Again, more proof of the first Particular Baptist churches of 17th century England were zealous to see that their ministers received a theological education.
"He devised—he planned—he executed. It was a structure of faith, founded in hope, on the basis of charity; to which he, its father, gave the name of The Bristol Education Society—a society of Christian Philanthropists, before whom I appear with a respect bordering on reverence."
"This society was formed in 1770, in aid of the Baptist Academy in Bristol, with the design, "That dissenting congregations, especially of the Baptist denomination, in any part of the British dominions, may, if it please God, be more effectually supplied with a succession of able and evangelical ministers; and that missionaries may be sent to those places where there is an opening for the gospel."
Again, more proof that our Old Baptist forefathers, well into the 18th century, continued their support for the training of ministers.
Now, let us look at the history of theological education among the churches in America who were in fellowship with their English and Welsh brethren.
John T. Christian in his history writes of the early doings of the Philadelphia Association in regard to ministerial education. He wrote:
"He likewise corresponded with the Philadelphia Association on the subject. That body, in 1722, proposed to the churches "to make inquiry among themselves, if they have any young persons hopeful for the ministry, and inclined to learning; and if they have, to give notice of it to Mr. Abel Morgan before the first of November, that he might recommend such to the academy of Mr. Hollis, his account" (Minutes of the Philadelphia Association, 27)."
Notice the early date of 1722 and how the American churches followed the lead of the 17th century English Baptists in the efforts to train their ministers. We have already seen how Elder Bradley referred to this incident as showing precedence for the training of ministers, a fact that the vast majority of Hardshells ignore. Further, there is nothing in history that suggests that Baptists objected to this work. Elder Sylvestor Hassell would later try to deal with this evidence by saying that it is true that the Philadelphia Association, the oldest in America, supported theological education, but that the Kehukee Association never did. However, the Kehukee was for years in direct fellowship with the Philadelphia Association and yet they did not raise any objection to theological education until the cantankerous Hardshells came into being in the early 19th century.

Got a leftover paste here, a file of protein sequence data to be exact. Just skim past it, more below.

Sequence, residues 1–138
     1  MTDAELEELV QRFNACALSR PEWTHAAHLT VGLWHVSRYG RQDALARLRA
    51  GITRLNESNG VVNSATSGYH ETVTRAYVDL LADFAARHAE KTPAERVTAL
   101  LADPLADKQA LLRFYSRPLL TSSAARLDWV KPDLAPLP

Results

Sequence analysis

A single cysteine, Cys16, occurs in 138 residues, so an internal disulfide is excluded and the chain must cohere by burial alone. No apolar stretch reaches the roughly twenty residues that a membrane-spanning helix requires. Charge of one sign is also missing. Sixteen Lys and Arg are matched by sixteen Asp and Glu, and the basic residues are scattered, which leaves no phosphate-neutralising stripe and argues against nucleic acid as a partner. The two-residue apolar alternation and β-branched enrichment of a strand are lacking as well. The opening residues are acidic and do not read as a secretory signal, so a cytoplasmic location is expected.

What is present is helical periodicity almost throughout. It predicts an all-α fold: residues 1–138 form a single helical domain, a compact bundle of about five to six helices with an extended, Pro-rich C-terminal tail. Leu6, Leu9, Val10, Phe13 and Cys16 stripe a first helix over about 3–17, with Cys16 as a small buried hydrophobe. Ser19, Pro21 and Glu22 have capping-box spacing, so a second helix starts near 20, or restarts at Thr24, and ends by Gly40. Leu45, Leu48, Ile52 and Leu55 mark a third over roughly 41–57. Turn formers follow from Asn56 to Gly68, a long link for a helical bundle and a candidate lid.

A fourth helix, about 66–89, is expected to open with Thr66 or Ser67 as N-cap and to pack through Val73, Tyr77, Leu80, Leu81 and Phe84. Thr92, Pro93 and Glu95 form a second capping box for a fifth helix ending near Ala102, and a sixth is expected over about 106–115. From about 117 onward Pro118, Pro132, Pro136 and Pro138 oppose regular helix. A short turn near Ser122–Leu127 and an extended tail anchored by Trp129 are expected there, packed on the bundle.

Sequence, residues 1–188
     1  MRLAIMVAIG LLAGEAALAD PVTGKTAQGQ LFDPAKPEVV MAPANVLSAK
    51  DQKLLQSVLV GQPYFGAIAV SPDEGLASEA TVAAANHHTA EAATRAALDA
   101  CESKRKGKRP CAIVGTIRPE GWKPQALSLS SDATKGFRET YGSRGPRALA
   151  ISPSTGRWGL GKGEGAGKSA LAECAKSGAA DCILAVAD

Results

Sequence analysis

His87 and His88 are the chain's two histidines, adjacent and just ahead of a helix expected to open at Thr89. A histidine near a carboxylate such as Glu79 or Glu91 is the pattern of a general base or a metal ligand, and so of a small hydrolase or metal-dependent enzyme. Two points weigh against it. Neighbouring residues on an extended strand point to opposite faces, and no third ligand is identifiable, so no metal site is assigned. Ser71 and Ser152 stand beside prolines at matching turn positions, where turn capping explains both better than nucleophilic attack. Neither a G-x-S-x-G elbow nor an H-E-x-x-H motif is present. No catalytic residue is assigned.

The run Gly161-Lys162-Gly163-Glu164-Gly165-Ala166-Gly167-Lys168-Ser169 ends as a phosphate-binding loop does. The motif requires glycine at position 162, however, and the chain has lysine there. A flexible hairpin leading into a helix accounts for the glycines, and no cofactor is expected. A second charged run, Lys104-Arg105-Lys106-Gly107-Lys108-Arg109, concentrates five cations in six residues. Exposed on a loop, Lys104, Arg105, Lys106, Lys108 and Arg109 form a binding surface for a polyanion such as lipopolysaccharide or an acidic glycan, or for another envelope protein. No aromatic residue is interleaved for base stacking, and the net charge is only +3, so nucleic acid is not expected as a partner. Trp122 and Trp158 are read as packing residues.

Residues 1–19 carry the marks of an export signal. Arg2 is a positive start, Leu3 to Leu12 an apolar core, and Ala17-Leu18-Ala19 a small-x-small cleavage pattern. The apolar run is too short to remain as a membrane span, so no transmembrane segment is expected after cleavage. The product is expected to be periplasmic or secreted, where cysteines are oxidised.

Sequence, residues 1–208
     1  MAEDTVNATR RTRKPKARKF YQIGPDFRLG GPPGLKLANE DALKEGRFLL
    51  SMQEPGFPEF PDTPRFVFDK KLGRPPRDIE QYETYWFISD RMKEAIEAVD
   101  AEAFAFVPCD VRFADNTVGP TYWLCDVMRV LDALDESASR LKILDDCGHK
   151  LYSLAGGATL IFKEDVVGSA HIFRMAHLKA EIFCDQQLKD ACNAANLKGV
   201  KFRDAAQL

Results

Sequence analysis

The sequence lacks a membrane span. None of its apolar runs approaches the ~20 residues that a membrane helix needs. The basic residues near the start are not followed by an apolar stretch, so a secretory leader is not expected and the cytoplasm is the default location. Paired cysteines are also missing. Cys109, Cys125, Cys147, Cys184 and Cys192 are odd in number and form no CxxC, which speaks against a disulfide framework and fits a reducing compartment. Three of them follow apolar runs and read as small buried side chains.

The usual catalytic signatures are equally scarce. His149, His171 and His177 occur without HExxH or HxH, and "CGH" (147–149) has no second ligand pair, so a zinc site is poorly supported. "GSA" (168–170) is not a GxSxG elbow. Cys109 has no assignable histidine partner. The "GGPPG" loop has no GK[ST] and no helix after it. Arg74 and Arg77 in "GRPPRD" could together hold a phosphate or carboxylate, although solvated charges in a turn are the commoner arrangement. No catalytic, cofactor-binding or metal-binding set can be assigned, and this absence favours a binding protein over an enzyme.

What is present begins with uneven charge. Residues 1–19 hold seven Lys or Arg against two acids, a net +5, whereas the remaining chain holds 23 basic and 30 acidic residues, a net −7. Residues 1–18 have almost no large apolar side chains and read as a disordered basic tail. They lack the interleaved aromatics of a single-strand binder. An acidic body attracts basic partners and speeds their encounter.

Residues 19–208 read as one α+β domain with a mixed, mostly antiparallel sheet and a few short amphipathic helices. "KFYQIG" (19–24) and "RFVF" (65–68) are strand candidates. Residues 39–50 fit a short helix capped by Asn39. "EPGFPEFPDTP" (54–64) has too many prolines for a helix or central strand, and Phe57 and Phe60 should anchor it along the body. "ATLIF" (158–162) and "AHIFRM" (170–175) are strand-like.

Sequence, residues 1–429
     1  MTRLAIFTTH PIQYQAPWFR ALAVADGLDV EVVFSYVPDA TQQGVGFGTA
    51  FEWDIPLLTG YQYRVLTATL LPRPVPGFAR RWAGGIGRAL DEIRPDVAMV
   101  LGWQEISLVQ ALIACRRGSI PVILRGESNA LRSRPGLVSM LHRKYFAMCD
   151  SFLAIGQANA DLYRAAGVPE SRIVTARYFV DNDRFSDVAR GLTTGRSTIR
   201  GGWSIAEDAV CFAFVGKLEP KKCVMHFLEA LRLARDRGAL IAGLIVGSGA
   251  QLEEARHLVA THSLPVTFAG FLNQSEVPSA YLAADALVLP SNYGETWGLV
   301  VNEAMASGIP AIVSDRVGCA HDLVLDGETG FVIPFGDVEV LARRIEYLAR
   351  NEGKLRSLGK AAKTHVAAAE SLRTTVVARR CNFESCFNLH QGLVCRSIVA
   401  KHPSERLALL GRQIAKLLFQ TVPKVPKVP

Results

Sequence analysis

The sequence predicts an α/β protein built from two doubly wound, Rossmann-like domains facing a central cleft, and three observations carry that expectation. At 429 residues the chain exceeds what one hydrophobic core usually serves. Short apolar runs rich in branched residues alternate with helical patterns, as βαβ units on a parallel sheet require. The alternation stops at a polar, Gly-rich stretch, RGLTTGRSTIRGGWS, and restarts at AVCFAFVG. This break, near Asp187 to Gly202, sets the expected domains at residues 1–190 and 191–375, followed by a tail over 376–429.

Christian next writes:
"Isaac Eaton, who was the pastor of the church at Hopewell, New Jersey, from 1748 to 1772, set up a school for the education of youth for the ministry as well as other callings, in 1756, and kept it for eleven years. To him belongs the honor of being the first American Baptist to establish a seminary for the literary and theological training of young men. For this work his natural endowments of mind, his varied attainments of knowledge, and his genuine piety happily qualified him. In the welfare and progress of this academy, the Philadelphia and Charleston Associations ever manifested a lively interest. They appointed trustees, had some oversight and liberally supplied funds. Some of the most distinguished men in the country were there educated."
Again, these facts are clear. The Hardshells who denounced such things as new, in the early 19th century, simply stated falsehoods.
"The following extract from a letter, addressed to the Particular Baptist ministers of London, by the Philadelphia Association, in 1762, has an allusion to the academy at Hopewell:
Our numbers in these parts multiply; for when we had the pleasure of writing you in 1754, there were but nine churches in our association; yet now, there are twenty-nine all owning the Confession of Faith put forth in 1689. Some of the churches are now destitute; but we have a prospect of supplies, partly by means of a Baptist academy, lately set up."
Again, the Baptist churches in the 18th century were supporters of theological schools for ministers.